Dave Wain’s essential breakdown of this week’s cavalcade of straight-to-disc treats. Step inside the DTV Junkyard…
Released in 2010 The Ford Brothers’ movie The Dead wowed us with its African setting, while also managing to offer a flesh-eating reminder of classic zombie pictures of old. Unlike the conveyor belt of cash-in’s made during this undead renaissance, the Ford’s movie has an intelligence about it; a measured, thoughtful film, it was the antithesis of something like Zack Snyder’s Dawn of the Dead remake. Shot for the miniscule budget of one hundred and fifty thousand pounds, its visual prowess – it’s shot on 35mm – belies its small scale expenditure, an aspect that wasn’t lost on critics and viewers alike who praised its ingenuity and the desire to bring something original to a tired genre.
For the sequel, the location is India, as the infectious epidemic continues its rapid spread across the globe. An American turbine engineer, Nicholas Burton (Joseph Millson), learns that his pregnant girlfriend is trapped in her home in Mumbai with baying hordes of zombies stalking the nearby streets. On hearing this, Burton decides that must make the three hundred mile trip across a barren wasteland of the undead to rescue her.
The director’s chose to not to carry the story on from the first film, thus meaning you can dive straight into the second. One thing they do carry into the THE DEAD 2 however, are the aspects which made the original so successful, such as the desire to use local actors and naturalistic settings. You have to hand it to the Ford’s for sticking so resolutely to what made the first film so amazing. So many times in horror we’ve seen filmmakers kowtow to the money men in order to greenlight a sequel, as we watch innovation replaced with a generic blandness. There is a slight lean towards the mainstream at times, but generally they’ve kept to the single-minded ambition of the first.
Jaw-dropping vistas, the genuine embrace of a different culture, and such vibrant locations as Delhi and Mumbai, pitch perfectly alongside the cleverly simplistic narrative of The Dead 2. It leaves you wanting a third film for the franchise, yet at the same time it doesn’t. So much of the Ford brothers’ career has been taken up with these films, it’d be interesting to see what they could turn their hand to next. Then again, after Africa and India, I wouldn’t refuse an Antarctica-based end to the trilogy!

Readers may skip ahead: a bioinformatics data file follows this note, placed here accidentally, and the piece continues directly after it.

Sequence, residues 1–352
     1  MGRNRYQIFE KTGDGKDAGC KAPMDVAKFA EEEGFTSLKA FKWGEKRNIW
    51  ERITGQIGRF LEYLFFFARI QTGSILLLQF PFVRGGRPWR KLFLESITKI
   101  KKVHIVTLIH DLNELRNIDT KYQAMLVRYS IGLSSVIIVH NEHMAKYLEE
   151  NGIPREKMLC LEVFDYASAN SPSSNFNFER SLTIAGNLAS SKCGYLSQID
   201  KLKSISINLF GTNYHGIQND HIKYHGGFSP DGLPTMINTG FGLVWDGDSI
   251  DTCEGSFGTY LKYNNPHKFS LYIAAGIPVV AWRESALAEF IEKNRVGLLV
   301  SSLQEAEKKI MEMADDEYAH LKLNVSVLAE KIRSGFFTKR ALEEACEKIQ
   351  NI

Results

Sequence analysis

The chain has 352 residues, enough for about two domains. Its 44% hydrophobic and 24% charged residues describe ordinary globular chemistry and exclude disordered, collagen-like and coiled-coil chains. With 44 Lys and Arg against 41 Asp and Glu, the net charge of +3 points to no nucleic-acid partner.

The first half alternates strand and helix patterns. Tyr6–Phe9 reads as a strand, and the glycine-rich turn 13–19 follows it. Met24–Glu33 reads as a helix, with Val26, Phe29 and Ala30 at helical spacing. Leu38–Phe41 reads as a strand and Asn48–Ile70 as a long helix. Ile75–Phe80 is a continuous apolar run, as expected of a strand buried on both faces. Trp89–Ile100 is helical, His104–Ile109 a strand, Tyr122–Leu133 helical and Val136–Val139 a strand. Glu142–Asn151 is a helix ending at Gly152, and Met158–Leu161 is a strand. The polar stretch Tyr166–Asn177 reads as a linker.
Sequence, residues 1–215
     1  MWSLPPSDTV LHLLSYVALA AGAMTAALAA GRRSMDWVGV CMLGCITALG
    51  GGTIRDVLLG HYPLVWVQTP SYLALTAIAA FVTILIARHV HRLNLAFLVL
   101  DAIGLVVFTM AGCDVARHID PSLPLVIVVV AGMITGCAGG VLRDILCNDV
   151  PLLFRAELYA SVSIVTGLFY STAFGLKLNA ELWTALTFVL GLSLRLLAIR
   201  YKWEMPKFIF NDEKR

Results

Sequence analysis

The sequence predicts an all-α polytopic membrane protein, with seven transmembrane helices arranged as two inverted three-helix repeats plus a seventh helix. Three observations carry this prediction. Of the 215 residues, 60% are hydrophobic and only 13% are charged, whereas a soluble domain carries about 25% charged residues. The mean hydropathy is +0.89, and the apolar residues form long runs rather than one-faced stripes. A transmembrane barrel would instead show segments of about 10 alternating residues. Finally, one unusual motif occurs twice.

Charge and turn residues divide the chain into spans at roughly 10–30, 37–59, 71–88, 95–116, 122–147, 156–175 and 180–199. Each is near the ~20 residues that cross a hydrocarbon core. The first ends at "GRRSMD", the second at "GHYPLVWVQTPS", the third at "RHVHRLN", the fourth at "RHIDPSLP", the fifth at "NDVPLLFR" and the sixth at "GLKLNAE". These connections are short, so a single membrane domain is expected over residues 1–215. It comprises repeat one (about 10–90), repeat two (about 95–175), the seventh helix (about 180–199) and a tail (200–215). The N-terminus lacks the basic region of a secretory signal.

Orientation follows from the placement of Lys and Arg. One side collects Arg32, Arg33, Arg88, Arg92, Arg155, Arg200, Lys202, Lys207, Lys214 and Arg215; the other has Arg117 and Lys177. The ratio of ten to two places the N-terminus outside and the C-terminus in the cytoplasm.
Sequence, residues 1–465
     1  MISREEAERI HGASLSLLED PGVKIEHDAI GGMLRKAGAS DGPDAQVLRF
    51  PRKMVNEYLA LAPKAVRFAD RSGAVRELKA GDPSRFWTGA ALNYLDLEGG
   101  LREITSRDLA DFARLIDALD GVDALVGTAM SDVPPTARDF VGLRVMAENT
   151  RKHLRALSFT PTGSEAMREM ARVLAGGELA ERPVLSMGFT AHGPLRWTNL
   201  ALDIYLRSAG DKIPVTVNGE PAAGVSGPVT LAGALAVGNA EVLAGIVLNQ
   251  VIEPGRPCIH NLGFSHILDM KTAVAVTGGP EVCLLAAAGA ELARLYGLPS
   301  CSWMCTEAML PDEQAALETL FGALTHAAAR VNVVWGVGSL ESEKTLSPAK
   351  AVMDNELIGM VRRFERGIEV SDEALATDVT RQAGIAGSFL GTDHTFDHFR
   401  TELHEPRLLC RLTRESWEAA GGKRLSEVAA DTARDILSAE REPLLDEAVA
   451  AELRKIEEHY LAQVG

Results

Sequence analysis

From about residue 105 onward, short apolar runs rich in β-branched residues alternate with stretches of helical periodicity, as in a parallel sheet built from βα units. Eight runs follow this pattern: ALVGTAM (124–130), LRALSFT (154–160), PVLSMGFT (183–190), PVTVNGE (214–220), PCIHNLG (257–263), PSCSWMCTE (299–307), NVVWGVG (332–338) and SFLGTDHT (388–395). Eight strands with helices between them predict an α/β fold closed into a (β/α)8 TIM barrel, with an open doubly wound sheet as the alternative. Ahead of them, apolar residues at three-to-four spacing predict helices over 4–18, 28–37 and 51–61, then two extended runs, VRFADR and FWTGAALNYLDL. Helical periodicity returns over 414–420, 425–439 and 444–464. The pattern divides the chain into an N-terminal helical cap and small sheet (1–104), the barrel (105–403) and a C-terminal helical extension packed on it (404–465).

Does anyone remember The Slaughter from 2006? I’m sensing silence here! Well, it was one of the last horror flicks that much maligned schlock-merchants Third Millennium put out before their sad demise twelve months later in a sea of MILF-related softcore mediocrity. Granted, it wasn’t one to savour, but shot for twenty five thousand dollars, it did offer up a slice of eighteen certificated low budget carnage to us UK folk, and it also introduced us to director Jay Lee.
Admittedly we’ve seen little of his work since 2008’s Zombie Strippers! with Robert Englund, but here he teams up with Jim Roof to co-direct THE HOUSE WITH 100 EYES. Roof has primarily plied his trade as an actor over the last few years, although the formation of his own production company has seen his name appear on films such as Adam Lamas’ superb Empty Rooms.
Ed (Roof) and Susan (Shannon Malone) seem to be a typical married couple, living in a typical middle class home. Behind the façade of conformity though, there’s nothing typical about the couple or their house. The House with 100 Eyes chronicles Ed and Susan’s attempt to make the ultimate snuff film, complete with behind the scenes footage, director’s commentary, and all other requisite DVD features! All of the former are of course in addition to the main feature – three victims, three murders, all in one night.
I have to admit I elicit a weary sigh of resignation at the prospect of watching anything snuff-themed. Of late it’s just been an excuse to lay on lashings of misogyny coupled with tiresome gore effects. The last film that piqued my interest on the theme was Bernard Rose’s Snuff Movie back in 2005, but even that wasn’t without its flaws. So what do we have here? Well, surprisingly, and defying all expectations, we have something worth recommending.
Roof is the star here. When he first appears on camera we catch sight of this over-enthusiastic guy in a pork pie hat; his demeanour barely suggests the horrors that he’s capable of. It’s this sinisterly cheerful appearance that makes his moments of barbaric behaviour all the more devastating. Malone ably compliments him as Susan; she’s a complex character, with Betty Crocker-esque mannerisms, yet fully complicit in her husband’s actions.
There’s so many aspects to The House with 100 Eyes that make it compelling viewing, be it the way the pair stalk the streets doing their ‘casting’ as they call it, or the sight of Ed masturbating to DVDs of his former victims being tortured. Alas, we’re left with no real idea as to WHY Ed and Susan are caught up in this unrelentingly bizarre lifestyle, but fortunately for Roof and Lee, the film captures your attention to a degree that renders such background extraneous.